The U.S. House of Representatives passed a bipartisan bill to address gun violence today. All House Democrats and 14 Republicans voted for the legislation, and the final vote was 234-193. This marks the first major gun safety legislation since the 1994 assault weapons ban.
North Carolina’s three Democratic representatives — Alma Adams, G.K. Butterfield and David Price — all voted in favor of the bill. The state’s eight Republican representatives voted against the bill.
The “Bipartisan Safer Communities Act” cleared the U.S. Senate yesterday. North Carolina Republican Sen. Thom Tillis and Sen. Richard Burr voted in support of the bill. Burr, whose Senate seat is up for election this year, is not seeking reelection.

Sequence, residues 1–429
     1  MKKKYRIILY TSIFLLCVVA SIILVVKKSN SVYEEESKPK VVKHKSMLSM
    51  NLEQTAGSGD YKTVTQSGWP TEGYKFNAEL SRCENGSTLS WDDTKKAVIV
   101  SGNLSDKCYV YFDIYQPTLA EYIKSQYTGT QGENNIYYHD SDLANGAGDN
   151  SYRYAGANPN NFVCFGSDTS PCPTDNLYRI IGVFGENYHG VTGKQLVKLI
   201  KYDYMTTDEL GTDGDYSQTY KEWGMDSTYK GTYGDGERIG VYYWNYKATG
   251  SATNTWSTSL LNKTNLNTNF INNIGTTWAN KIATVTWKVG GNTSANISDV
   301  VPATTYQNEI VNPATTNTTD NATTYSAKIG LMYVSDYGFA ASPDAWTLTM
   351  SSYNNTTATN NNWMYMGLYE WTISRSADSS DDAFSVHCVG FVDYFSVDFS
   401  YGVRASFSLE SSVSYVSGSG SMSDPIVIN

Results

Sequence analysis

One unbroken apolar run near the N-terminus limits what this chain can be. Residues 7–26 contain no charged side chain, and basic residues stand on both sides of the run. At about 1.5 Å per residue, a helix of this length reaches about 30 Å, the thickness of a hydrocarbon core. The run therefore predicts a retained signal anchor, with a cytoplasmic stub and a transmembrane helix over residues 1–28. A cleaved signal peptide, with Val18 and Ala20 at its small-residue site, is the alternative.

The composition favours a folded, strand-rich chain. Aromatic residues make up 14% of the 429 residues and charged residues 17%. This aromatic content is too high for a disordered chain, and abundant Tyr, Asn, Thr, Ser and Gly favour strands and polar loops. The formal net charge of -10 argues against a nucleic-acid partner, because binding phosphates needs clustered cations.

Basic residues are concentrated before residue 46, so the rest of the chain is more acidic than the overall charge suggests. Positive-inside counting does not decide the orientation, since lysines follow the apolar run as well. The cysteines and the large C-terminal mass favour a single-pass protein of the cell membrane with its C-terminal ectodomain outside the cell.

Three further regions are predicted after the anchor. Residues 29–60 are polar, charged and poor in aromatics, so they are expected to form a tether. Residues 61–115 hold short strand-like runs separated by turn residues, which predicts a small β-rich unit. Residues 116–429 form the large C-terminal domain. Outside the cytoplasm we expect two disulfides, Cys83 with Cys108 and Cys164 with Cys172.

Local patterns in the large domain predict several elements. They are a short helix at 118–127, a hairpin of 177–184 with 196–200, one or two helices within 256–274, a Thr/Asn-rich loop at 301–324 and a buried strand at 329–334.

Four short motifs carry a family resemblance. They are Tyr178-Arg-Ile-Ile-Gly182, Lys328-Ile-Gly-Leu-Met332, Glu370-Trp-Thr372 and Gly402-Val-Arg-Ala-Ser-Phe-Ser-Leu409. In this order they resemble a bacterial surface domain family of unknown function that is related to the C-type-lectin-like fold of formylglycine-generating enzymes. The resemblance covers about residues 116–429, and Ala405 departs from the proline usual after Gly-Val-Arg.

This comes after a recent string of mass shootings — most notably in Buffalo, New York, Uvalde, Texas, and Tulsa, Oklahoma.
The bill includes roughly $13 billion dollars in funding for mental health, school safety, crisis intervention programs and state incentives to include juvenile records in the National Instant Criminal Background Check System.
The bill also makes significant changes to the process of buying a firearm for those aged 18 to 21.
It closes the “boyfriend loophole,” which formerly allowed unmarried partners with a history of domestic abuse to purchase a gun. The bill provides grants to states to adopt “red flag” laws, which allow courts to remove firearms from those deemed a threat to themselves or others.
The bill now heads to President Joe Biden for his signature. He is expected to sign.